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Appears in Collections:Biological and Environmental Sciences Journal Articles
Peer Review Status: Refereed
Title: Simulated seed predation reveals a variety of germination responses of neotropical rain forest species
Author(s): Vallejo-Marín, Mario
Dominguez, Cesar A
Dirzo, Rodolfo
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Keywords: Los Tuxtlas
nonlethal predation
seed germination
simulated seed predation
tropical rain forest
Issue Date: Mar-2006
Date Deposited: 31-Aug-2012
Citation: Vallejo-Marín M, Dominguez CA & Dirzo R (2006) Simulated seed predation reveals a variety of germination responses of neotropical rain forest species. American Journal of Botany, 93 (3), pp. 369-376.
Abstract: Seed predation, an omnipresent phenomenon in tropical rain forests, is an important determinant of plant recruitment and forest regeneration. Although seed predation destroys large amounts of the seed crop of numerous tropical species, in many cases individual seed damage is only partial. The extent to which partial seed predation affects the recruitment of new individuals in the population depends on the type and magnitude of alteration of the germination behavior of the damaged seeds. We analyzed the germination dynamics of 11 tropical woody species subject to increasing levels of simulated seed predation (0–10% seed mass removal). Germination response to seed damage varied considerably among species but could be grouped into four distinct types: (1) complete inability to germinate under damage ≥1%, (2) no effect on germination dynamics, (3) reduced germination with increasing damage, and (4) reduced final germination but faster germination with increasing damage. We conclude that partial seed predation is often nonlethal and argue that different responses to predation may represent different proximal mechanisms for coping with partial damage, with potential to shape, in the long run, morphological and physiological adaptations in tropical, large-seeded species.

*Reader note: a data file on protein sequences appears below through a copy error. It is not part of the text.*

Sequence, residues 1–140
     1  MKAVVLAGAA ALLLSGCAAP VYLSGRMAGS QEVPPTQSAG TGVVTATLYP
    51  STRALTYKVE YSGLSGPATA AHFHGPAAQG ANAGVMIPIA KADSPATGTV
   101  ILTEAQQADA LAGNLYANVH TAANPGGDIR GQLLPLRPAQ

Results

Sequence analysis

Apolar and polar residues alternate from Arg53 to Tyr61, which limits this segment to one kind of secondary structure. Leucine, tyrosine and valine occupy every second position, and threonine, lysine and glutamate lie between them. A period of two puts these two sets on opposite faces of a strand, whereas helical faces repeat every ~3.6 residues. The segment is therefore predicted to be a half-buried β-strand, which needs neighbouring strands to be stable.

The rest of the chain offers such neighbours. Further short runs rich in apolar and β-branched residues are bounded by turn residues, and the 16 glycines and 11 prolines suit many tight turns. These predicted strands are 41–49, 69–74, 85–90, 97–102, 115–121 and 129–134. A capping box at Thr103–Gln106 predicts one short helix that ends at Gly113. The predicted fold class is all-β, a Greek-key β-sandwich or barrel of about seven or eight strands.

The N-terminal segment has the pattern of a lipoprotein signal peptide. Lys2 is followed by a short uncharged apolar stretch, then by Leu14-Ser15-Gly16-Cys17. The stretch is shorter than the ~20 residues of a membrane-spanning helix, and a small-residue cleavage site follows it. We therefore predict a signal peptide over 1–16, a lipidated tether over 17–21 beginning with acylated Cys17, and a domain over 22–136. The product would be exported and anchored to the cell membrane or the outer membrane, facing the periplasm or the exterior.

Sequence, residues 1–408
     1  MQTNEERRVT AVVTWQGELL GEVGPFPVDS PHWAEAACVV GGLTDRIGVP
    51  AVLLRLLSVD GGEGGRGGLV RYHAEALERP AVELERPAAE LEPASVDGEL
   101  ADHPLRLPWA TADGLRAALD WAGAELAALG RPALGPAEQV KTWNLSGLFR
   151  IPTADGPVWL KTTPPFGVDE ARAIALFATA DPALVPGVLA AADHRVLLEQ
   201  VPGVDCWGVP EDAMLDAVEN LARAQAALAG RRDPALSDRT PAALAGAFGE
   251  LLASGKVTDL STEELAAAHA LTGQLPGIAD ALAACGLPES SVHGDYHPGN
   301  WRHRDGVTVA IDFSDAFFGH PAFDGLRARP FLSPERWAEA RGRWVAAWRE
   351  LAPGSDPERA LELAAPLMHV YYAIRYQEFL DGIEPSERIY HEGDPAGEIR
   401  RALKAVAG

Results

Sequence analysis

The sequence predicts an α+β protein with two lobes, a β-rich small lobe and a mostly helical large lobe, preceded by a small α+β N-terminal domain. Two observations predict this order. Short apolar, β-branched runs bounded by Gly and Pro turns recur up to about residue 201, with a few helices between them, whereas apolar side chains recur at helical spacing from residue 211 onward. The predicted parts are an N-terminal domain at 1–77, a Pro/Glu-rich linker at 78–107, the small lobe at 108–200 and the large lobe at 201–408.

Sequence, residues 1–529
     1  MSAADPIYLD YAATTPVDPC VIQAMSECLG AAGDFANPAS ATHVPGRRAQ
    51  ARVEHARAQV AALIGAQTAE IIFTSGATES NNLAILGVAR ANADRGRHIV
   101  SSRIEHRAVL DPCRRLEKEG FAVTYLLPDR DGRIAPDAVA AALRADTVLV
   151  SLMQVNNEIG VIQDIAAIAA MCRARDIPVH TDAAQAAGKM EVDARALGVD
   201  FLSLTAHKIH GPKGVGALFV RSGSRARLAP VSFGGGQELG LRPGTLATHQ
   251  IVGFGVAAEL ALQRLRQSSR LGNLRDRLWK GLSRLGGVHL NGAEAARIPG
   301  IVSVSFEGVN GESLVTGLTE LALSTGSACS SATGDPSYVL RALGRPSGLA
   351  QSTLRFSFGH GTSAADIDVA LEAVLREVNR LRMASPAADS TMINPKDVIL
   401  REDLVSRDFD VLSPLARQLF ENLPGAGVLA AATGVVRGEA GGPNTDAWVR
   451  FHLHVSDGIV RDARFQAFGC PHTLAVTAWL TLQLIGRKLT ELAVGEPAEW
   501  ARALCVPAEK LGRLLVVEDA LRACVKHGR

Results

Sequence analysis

DOI Link: 10.3732/ajb.93.3.369
Rights: Publisher policy allows this work to be made available in this repository. Published in American Journal of Botany by Botanical Society of America. The original publication is available at

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